UPDATE 2-Toshiba to pick govt-led Japan-US-Korea group to buy chips unit-source


* Toshiba to decide preferred bidder on Wednesday

* Japan-US-Korea bid competing against Broadcom of U.S. (Recasts with Toshiba decision, adds context, comment)

TOKYO, June 20 (Reuters) - Embattled Toshiba Corp will pick a Japanese government-led group of Japanese, U.S. and South Korean firms and funds to buy the conglomerate's semiconductor business, a person briefed on the matter said on Tuesday.

The group includes the state-backed fund Innovation Network Corp of Japan, the government's Development Bank of Japan, and U.S. private equity firm Bain Capital, sources have told Reuters.

South Korean chipmaker SK Hynix Inc and the core banking unit of the Mitsubishi UFJ Financial Group Inc are to provide financing under the consortium's proposal, they said.

Toshiba, which needs to sell the prized chips unit to cover billions of dollars of losses from its now-bankrupt U.S. nuclear unit, is in the final stages of deciding on the group as preferred bidder.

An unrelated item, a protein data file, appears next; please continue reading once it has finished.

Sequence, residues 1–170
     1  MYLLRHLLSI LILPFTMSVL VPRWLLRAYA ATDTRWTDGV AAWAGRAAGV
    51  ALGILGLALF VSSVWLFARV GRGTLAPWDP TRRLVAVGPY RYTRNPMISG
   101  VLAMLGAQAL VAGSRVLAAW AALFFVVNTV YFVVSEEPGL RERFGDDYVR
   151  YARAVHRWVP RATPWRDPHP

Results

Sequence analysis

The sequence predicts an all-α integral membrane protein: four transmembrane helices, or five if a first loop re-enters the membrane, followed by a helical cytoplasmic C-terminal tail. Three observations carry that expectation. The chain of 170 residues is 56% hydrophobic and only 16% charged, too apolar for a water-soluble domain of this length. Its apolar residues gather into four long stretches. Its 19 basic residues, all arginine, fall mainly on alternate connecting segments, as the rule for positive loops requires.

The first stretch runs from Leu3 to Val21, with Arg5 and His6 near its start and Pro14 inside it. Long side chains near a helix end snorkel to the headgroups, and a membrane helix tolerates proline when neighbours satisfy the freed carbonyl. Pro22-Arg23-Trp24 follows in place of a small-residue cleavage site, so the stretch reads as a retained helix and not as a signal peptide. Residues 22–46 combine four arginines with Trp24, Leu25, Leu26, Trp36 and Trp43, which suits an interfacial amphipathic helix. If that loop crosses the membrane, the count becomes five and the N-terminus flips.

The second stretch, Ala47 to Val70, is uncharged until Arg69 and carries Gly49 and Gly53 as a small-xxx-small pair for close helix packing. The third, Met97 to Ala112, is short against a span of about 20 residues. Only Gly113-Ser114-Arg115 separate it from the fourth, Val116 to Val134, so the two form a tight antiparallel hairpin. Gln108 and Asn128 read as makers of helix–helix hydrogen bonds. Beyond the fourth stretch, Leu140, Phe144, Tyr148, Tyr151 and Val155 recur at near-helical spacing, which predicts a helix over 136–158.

Another person with direct knowledge of the matter said Toshiba's board will vote on a preferred bidder on Wednesday and announce the result through the Tokyo Stock Exchange.

A Toshiba spokeswoman said the company cannot comment on specifics of the sale process.

The Japan-U.S.-Korea bid has been orchestrated in large part by Japan's trade ministry, which wants to keep the valuable chip unit under domestic control.

The consortium, whose bid clears Toshiba's 2 trillion yen ($18 billion) minimum, has been seen as one of the strongest suitors for the unit - the world's No. 2 producer of NAND chips - as it would automatically have the government's stamp of approval, the sources said.

It is fighting to counter a 2.2 trillion yen from U.S. chipmaker Broadcom and its partner, U.S. private equity firm Silver Lake, which sources have said Toshiba management favours.

(Reporting by Taro Fuse and Makiko Yamazaki; Additional reporting by Taiga Uranaka and Kentaro Hamada in Tokyo, and Liana B. Baker in San Francisco; Writing by William Mallard; Editing by Edwina Gibbs and David Evans)